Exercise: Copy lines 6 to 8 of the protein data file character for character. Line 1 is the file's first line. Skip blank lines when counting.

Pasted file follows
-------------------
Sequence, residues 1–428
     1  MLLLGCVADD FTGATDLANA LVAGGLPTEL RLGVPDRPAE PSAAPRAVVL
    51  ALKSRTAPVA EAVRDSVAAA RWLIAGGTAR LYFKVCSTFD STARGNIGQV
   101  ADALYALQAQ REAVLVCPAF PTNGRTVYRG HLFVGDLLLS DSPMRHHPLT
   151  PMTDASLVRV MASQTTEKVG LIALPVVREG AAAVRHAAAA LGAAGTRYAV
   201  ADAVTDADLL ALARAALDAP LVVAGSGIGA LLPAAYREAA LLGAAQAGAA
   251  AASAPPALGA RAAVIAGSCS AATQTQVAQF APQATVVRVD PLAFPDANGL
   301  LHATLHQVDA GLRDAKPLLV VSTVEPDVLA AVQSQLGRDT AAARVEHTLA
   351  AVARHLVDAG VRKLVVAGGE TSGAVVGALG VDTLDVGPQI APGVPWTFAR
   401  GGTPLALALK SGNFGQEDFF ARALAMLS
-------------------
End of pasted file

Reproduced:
   201  ADAVTDADLL ALARAALDAP LVVAGSGIGA LLPAAYREAA LLGAAQAGAA
   251  AASAPPALGA RAAVIAGSCS AATQTQVAQF APQATVVRVD PLAFPDANGL
   301  LHATLHQVDA GLRDAKPLLV VSTVEPDVLA AVQSQLGRDT AAARVEHTLA